It's the one I currently use, but no source is provided because some parts of code are now copyright protected. What a pity.


What if you wanted do some minor changes to an already compiled firmware? For example the beloved Paul's 1.5? Just need to know how to handle dfu files and a hex editor.

In the next steps I'll show you how to change the language of a version (I repacked it to Italian), and also how to edit some characters fonts.

1) Download for example, Paul's 1.5 dfu file (or from here, right click on file and save as...)

2) Open it with an Hex editor and trim away last 4 bytes (which represent the checksum) in this example: 21 1C B8 BB

3) Search for any string, for example "RUNNING" and go to that address.

4) Change the strings you want (the horrible "PAUSHED" should be "PAUSED" or the string in your language) from that point onward. Almost at the end of the file there are error messages. I noticed that if a string ends with many zeroes you can overwrite them (but leave at least one!) proved that the resulting string fits in the screen, once you upload the new file.

5) When you have done you must recompute the checksum. So save the modified file and zip or rar it. And open it (for example) using WinRar. You'll notice that CRC32 is computed as last column:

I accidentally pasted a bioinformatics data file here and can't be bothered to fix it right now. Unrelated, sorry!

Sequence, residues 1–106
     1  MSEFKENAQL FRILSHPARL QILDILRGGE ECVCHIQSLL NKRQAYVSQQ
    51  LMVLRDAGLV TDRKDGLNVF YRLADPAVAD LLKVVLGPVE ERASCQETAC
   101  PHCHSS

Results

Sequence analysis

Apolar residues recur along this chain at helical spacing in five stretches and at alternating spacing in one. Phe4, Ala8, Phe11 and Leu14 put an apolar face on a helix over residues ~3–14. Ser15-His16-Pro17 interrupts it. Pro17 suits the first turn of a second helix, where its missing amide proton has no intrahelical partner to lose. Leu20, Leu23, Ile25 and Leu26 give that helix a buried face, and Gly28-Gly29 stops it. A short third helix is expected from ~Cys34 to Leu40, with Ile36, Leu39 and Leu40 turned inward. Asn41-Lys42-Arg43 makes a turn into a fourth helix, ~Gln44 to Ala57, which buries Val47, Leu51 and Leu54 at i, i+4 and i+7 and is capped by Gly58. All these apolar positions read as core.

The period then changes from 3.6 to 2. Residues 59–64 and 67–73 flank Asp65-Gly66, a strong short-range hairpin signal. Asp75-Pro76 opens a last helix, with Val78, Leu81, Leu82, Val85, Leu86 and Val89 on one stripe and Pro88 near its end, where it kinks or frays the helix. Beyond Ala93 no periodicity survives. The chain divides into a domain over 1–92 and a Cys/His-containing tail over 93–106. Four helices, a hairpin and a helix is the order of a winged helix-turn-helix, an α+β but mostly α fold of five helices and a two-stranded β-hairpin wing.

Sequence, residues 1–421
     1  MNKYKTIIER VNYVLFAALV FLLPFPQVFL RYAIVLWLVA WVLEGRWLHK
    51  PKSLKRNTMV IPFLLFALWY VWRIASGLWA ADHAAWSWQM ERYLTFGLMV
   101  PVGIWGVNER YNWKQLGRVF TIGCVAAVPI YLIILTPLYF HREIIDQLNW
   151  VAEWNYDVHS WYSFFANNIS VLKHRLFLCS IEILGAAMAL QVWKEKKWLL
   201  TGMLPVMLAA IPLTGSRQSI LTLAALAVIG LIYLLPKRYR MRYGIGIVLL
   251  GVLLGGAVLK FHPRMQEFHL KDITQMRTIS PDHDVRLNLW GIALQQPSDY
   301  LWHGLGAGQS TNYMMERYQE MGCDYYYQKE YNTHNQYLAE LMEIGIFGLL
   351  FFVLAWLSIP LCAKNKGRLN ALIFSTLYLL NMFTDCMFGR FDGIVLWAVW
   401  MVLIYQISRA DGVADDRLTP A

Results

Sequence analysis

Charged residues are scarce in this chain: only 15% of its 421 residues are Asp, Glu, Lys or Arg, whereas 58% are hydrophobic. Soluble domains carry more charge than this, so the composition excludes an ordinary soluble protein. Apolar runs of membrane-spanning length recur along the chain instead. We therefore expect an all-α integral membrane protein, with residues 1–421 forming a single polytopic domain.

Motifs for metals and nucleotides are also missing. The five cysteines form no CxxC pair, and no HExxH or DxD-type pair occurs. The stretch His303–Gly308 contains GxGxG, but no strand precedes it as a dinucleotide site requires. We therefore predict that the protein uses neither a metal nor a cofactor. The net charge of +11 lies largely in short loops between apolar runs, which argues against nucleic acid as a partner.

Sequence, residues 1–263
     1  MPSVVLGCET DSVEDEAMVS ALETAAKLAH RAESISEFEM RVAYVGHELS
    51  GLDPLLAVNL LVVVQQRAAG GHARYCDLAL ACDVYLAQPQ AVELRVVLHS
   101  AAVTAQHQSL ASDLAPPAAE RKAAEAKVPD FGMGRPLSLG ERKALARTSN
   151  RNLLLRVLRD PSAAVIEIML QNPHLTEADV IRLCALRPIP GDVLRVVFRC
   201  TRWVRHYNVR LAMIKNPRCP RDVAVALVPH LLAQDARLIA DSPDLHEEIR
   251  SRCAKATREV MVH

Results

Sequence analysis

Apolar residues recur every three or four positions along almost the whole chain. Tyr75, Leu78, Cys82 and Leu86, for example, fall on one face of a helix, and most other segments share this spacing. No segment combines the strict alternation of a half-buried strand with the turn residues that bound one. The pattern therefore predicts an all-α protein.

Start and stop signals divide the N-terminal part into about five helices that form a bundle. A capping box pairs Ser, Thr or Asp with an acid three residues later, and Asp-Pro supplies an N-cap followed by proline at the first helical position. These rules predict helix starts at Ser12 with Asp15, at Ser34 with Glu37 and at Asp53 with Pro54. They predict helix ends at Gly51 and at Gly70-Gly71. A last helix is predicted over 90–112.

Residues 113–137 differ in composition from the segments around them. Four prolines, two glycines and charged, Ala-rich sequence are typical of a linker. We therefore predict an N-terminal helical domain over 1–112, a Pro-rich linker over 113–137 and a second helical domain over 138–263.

6) Now you must complement the CRC32. Open Windows Calculator in Scientific mode and select the Hex data input. Type in FFFFFFF - 116BA0B2 (eight times F minus the number you find in the rightmost column of WinRar).

7) Now, the resulting number must be added to the end of the edited dfu in reversed byte order (i.e. you obtain EE945F4D, at the end of the file you must add 4D 5F 94 EE).

8) Finally, open the DfuSe Demo for firmware upgrading, power on the unit with the minus key pressed to enter upgrade mode and upload the new file.

9) If you are Italian, you can download my translated version from the same address above, I also added the accented "a" (à) and made a better "delta" symbol. To understand how fonts were mapped I needed to download the 1.1 source code but I also made a pdf guide (Enter the font directory at the end...).

This is the result of the hacked Italian version:

TAGS: DSO NANO 0201 versione 1.5 v1.5 Italiana in Italiano